Markets rebound on bad day for banks

AIB, Bank of Ireland and Permanent TSB all down but C&C, Easyjet and Dalata rise

EasyJet gained almost 4 per cent. Photograph: Chris Radburn/PA Wire

Markets rebounded yesterday after two weeks of losses, aided by gains in both Germany and Greece.

However, weaker than expected Chinese data hit miners and petroleum stocks, including Ireland's Tullow Oil, while in Dublin the banks took the sheen off what was otherwise a good performance.


Traders said yesterday was generally a positive day with some stocks moving ahead of the publication of numbers or management updates.

Cider-maker C&C, which is due to publish results this week, climbed 2.2 per cent to close at €4.055, although dealers noted that volumes were "not that great". Fewer than 270,000 of its shares changed hands in the company in Dublin yesterday.


Airline Ryanair was up marginally, adding 0.63 per cent to close at €12.84, as rival Easyjet gained almost 4 per cent on the back of an outperform rating from analysts.

The Dalata Hotel Group gained 3.45 per cent to €4.50. The group announced the purchase of a hotel in Cork on Friday, but traders said the improvement was down more to improved sentiment towards the stock.

Insulation and building materials group Kingspan added 2.74 per cent to end the day on €23.28.

Betting giant Paddy Power Betfair rose 2.73 per cent. The stock took a hit last week following news that it lost €20 million at this year's Cheltenham Festival. However, it has climbed back steadily from that.

The banks were the only black spot. AIB announced a cut in its standard variable mortgage rate and the new Government has signalled that it wants lenders to cut borrowing costs for home buyers.

AIB fell 1 per cent to €8.118, Bank of Ireland tumbled 2.22 per cent to 23.3 cent and Permanent TSB slid 6.43 per cent to €2.30.


Britain’s top share index closed lower yesterday, extending its biggest weekly drop since February, as a slump in mining stocks outweighed a rally in travel and leisure.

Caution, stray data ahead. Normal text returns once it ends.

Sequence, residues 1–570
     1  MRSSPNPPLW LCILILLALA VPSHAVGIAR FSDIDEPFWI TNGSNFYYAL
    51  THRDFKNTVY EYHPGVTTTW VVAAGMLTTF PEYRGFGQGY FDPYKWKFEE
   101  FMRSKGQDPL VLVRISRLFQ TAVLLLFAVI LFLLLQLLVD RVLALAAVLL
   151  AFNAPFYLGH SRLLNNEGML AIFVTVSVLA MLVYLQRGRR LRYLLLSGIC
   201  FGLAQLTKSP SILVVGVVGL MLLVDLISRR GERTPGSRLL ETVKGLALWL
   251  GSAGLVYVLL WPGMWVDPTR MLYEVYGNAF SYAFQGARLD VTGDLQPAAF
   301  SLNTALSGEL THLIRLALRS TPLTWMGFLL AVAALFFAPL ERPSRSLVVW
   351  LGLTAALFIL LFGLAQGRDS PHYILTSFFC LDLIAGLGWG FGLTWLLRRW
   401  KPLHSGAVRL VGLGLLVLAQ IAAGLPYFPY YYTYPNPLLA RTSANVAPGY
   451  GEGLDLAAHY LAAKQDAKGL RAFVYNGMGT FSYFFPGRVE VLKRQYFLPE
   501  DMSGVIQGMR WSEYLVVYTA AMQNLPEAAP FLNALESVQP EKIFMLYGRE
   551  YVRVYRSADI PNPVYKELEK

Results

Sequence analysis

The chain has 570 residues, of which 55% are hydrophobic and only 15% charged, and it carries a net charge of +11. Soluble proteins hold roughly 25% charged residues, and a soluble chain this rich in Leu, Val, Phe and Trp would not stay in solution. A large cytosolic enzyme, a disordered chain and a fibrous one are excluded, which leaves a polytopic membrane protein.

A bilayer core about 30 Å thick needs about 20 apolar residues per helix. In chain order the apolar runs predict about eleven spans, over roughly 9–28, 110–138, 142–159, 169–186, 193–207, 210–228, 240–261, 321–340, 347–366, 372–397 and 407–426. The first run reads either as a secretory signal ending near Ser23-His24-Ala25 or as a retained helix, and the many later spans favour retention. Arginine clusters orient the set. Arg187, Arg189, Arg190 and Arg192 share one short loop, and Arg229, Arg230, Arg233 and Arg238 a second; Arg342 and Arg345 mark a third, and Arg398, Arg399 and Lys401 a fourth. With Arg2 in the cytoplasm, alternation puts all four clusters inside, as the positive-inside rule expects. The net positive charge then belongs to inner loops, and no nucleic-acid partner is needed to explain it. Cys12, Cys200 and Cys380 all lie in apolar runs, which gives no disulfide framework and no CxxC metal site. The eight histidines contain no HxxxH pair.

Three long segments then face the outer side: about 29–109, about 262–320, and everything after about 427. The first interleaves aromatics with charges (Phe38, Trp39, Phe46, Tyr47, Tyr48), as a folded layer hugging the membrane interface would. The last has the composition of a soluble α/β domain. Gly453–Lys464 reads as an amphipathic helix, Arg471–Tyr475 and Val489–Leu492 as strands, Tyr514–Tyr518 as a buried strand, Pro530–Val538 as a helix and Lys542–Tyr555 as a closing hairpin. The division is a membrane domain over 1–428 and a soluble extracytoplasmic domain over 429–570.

The FTSE 100 index finished 0.2 per cent lower after falling 1.9 per cent last week, with the drop marking the third straight week of losses. The index is down around 2 per cent so far this year.

Irish-based DIY specialist and builders' merchant Grafton, which is due to publish a statement ahead of today's agm, rose 1.84 per cent to 690.50 pence sterling.

In contrast, shares in another Irish company, Tullow Oil, slid 5.38 per cent to 232 pence as commodity stocks tumbled on poor China trade data and a strong dollar. The overall UK mining index slumped 7.9 per cent. Shares in Anglo American, Glencore, Antofagasta, Rio Tinto and BHP Billiton fell between 5.6 per cent and 13.8 per cent.


Germany’s Dax outperformed with a 1.1 per cent rise, as the IMF said it had become slightly more optimistic regarding the German economy.

Greece’s stock market rose 0.7 per cent, as euro zone officials turned their attention to tackling Greece’s huge debt repayments.

The Dax received a boost from carmaker Volkswagen, whose shares rose after activist investor TCI demanded that VW overhaul its "excessive" executive pay scheme in order to boost profits at the company.

Milan's blue chip index also fell 0.9 per cent, as shares in Banco Popolare slid amid expectations of weak first-quarter results.


Wall Street ended mixed yesterday after a rally in Allergan and other healthcare companies offset a decline in energy shares.

Allergan surged 5.98 percent. Teva Pharmaceutical Industries said it still expected its $40.5 billion acquisition of Allergan's generic drug business to close in June. Chevron fell 1.48 per cent as US crude prices dropped 2.8 per cent. The Dow Jones industrial average ended down 0.2 per cent at 17,705.91. – (Additional reporting Reuters)

Barry O'Halloran

Barry O'Halloran

Barry O’Halloran covers energy, construction, insolvency, and gaming and betting, among other areas